KENNETT, MO (KFVS) - There are several agencies in the Heartland that offer in-home patient care. Just 30 years ago, that wasn't the case. In fact, a woman from Kennett helped start the first-ever Visiting Nurse Association. Now, the "VNA Queen", as she's called, is passing the crown on to someone else. She's retiring, but not without a party fit for a queen!
Throughout southeast Missouri, it's quite common to see a car marked "VNA" on local roads, with the visiting nurse making her rounds to various homes. When Carol Degraw helped begin the program in the 1970s, she never imagined the Visiting Nurse Association would grow from six nurses to now 600.
"They called me a pioneer the other day. That makes me feel old, but when it started it had never been done in rural areas and they gave me some grant money to make it happen," she said.
Her plan took off. Carol says she's worn out five cars traveling the back roads, checking on her patients in their homes.
"You can go down this pig path and that goat trail. You can find 'em. I've been chased by goats, dogs and one big hog!" Carol said.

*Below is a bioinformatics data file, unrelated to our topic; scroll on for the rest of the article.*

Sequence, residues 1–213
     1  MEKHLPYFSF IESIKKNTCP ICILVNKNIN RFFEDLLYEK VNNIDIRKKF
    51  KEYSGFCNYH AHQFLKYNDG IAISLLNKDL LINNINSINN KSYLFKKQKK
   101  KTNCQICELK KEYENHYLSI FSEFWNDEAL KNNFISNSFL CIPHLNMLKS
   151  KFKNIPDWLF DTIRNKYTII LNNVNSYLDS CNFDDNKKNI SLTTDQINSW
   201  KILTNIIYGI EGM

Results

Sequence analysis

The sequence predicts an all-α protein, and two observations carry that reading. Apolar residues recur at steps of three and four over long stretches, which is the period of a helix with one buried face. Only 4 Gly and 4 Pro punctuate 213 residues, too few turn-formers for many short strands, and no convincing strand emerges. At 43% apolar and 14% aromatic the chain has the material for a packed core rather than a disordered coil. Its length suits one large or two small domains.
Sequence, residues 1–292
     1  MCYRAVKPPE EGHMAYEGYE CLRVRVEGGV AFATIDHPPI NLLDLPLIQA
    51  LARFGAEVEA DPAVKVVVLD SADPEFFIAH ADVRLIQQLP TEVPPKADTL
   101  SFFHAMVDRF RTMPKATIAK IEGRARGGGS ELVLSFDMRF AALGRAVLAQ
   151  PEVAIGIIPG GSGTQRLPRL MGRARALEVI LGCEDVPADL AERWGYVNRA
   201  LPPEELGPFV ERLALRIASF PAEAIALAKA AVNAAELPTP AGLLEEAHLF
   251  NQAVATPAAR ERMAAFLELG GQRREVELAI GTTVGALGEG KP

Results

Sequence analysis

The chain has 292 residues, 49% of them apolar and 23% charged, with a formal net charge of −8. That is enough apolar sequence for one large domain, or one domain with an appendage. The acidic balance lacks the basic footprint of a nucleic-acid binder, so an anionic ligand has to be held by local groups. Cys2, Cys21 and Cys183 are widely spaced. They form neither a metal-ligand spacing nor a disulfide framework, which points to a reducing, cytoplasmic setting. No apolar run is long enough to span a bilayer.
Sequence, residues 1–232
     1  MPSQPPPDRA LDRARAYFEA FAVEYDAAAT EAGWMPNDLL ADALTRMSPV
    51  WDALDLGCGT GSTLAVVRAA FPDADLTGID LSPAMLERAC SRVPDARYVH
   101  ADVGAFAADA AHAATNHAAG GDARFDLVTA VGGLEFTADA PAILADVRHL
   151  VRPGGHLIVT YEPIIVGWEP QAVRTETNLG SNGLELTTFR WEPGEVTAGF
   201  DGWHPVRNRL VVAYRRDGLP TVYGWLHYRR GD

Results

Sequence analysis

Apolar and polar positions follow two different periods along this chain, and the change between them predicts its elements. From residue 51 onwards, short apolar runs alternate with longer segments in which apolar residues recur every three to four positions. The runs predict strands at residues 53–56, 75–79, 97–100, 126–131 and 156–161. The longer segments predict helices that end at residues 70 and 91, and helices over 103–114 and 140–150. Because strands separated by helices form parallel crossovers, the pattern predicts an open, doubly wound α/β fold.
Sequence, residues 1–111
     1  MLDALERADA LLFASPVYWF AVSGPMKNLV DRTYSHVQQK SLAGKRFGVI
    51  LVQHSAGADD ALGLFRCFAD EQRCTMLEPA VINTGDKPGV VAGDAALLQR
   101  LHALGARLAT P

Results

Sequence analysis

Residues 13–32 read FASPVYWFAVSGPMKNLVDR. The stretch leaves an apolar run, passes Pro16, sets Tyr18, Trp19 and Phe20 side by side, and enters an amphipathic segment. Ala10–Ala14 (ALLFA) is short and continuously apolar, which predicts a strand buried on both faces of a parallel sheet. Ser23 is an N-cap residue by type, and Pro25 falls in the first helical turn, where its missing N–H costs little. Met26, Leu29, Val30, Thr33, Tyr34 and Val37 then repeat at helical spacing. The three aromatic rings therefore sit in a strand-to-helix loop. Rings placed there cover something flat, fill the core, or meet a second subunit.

All the while carrying that sense of humor as she greeted her patients. After years serving as an RN, and training others, Carol took her care off-road and into the VNA office. She started helping more people via the air waves. In Kennett, many may recognize her voice above all else. She's known as the VNA Answer Nurse.
It's no wonder so many people turned out to wish the VNA Queen farewell at her retirement party....limo ride, tiara and all.
Coworker Tammy Newsom says it won't be the same without Carol in the office daily.
"Someone said the other day, when they think of VNA, they think of Carol. If they have a question or need something, they go to Carol because she's been here so long," said Tammy.
Carol trained many nurses like Lora Hynds.
"I've learned to spoil my patients because the reward is so great because I learned that from Carol," said Lora.
Carol reflects on her years traveling the roads to numerous homes.
"Probably the biggest blessing is that I was at the bedside of more than 50 people who chose for me to be there as they passed away at home. That is such a privilege to me," she said.
Her associates say there's no true log of how many miles Carol has driven or record of the lives she's touched these last three decades. VNA staff also won't let this original founder go too far after retirement. The VNA Queen is slated to work as a board member as well.
"I got paid to do what I love to do. The crown is tarnished so I guess it's time to put it away now," Carol said.
VNA serves 14 southeast Missouri counties with 600 nurses treating patients ranging in age from children to the elderly.